Will Carmakers Switch Clay for Computers?

Will Carmakers Switch Clay for Computers?

The 3D printing revolution has transformed a lot of industries, but according to [Insider Business] the car industry still uses clay modeling to make life-sized replicas of new cars. The video below shows a fascinating glimpse of the process of taking foam and clay and making it look like a real car. Unlike the old days, they do use a milling machine to do some rough work on the model, but there’s still a surprising amount of manual work involved. Some of the older film clips in the video show how hard it was to do before the CNC machines.

The cost of these models isn’t cheap. They claim that some of the models have cost $650,000 to create. We assume most of that is in salaries. Some models take four years to complete and a ton of clay.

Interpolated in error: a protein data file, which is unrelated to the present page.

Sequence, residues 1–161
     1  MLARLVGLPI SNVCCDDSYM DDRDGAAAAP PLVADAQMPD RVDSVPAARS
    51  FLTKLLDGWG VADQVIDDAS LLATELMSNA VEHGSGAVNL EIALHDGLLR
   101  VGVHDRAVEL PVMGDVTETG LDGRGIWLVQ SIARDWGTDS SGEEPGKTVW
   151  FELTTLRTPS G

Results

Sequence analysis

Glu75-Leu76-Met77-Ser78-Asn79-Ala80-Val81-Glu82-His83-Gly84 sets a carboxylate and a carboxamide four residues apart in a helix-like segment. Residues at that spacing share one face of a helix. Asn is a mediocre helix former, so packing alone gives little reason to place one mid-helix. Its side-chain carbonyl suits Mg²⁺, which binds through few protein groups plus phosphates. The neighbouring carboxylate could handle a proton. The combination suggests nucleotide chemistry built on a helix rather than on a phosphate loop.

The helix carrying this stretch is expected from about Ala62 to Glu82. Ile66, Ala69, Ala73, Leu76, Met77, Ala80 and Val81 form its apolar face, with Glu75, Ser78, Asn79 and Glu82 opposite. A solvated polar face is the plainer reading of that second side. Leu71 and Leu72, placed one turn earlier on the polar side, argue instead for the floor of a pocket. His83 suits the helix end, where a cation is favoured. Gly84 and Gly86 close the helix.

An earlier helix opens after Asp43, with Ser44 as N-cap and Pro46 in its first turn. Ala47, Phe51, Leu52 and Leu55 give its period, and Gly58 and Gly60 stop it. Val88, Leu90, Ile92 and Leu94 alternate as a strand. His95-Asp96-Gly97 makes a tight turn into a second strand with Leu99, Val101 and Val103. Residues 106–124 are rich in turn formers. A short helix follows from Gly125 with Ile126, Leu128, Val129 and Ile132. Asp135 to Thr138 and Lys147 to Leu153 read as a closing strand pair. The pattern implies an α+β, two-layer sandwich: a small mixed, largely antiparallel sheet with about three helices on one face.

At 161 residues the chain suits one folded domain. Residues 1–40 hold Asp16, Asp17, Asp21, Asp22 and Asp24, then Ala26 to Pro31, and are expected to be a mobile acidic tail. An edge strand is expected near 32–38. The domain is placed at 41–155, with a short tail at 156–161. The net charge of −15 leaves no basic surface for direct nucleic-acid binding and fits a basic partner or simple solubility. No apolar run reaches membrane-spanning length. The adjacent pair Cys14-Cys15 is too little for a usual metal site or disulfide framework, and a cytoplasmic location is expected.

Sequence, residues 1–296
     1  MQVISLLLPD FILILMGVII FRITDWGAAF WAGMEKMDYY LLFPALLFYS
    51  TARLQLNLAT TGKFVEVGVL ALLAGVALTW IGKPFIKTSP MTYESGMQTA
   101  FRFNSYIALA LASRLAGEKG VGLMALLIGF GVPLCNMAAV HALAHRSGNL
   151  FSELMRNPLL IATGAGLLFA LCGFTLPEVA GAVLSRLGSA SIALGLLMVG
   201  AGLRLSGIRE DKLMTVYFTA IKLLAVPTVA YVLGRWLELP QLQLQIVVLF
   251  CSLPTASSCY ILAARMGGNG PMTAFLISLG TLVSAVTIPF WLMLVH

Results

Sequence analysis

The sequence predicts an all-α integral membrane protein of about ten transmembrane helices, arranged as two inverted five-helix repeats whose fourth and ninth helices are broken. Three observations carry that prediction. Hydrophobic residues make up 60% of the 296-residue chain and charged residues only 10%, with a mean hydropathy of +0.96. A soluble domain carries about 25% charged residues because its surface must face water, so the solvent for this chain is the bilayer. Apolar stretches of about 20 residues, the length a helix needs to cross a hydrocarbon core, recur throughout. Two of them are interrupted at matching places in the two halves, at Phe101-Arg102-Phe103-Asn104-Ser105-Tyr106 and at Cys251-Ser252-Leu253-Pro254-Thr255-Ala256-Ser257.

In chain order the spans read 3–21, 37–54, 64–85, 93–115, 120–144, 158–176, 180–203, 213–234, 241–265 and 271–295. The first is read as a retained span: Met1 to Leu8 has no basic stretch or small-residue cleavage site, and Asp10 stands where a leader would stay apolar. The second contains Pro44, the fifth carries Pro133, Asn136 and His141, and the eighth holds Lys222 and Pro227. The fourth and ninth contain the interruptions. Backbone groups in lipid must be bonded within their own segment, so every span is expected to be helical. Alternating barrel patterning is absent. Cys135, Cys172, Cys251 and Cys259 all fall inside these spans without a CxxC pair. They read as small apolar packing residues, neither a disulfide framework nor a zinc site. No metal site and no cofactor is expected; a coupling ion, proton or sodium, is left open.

A film over the clay makes the material look more like plastic or sheet metal. Modern model makers do use 3D printing to make pieces like headlights or logos. They also use 3D scanners to send the model’s shape to designers for feedback. Of course, if the designers make a change, the model must also change.

You’d think computer modeling would be sufficient, but apparently, there’s nothing like seeing the real thing. They also put the clay models in wind tunnels and use smoke wands to study air flow around the proposed vehicle shape. Maybe one day, they will use pure CAD rendering and VR goggles, but today, they are still paying clay modelers to make replicas.

Concept cars have been using 3D printing lately, too. Of course, if they ever do 3D print the entire car, they will have to assemble it from parts or get bigger printers.

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